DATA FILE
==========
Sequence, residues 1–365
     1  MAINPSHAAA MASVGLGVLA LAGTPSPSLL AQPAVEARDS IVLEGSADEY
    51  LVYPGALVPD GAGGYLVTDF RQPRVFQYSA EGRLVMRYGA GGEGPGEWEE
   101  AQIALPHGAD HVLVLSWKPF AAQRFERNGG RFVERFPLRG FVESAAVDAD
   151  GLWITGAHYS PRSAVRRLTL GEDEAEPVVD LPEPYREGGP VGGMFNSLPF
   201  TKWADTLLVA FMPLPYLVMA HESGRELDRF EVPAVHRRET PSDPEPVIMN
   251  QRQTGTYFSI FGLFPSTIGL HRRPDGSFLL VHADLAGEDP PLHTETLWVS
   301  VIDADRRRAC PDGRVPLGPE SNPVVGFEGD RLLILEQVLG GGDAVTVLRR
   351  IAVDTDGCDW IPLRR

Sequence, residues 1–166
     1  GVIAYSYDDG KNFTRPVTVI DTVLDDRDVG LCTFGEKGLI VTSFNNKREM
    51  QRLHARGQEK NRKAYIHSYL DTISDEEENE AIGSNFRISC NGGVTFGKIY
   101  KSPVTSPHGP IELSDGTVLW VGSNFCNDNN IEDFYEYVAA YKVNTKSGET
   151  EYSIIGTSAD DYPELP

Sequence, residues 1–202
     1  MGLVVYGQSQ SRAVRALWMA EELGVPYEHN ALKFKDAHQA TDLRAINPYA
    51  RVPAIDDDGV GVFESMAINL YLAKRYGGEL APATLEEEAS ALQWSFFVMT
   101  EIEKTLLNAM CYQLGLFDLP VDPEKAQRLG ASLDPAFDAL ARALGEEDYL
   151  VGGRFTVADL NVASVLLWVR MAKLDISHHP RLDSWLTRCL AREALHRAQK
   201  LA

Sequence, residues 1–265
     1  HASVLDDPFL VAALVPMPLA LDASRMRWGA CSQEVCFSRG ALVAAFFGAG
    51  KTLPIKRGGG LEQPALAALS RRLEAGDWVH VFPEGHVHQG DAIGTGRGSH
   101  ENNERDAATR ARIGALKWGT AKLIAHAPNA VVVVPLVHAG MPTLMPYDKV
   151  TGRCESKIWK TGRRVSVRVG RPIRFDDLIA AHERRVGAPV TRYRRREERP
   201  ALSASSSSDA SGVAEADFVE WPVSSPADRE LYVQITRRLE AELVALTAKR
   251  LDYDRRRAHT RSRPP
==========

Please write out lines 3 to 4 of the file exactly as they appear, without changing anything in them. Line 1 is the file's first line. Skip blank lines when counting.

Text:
    51  LVYPGALVPD GAGGYLVTDF RQPRVFQYSA EGRLVMRYGA GGEGPGEWEE
   101  AQIALPHGAD HVLVLSWKPF AAQRFERNGG RFVERFPLRG FVESAAVDAD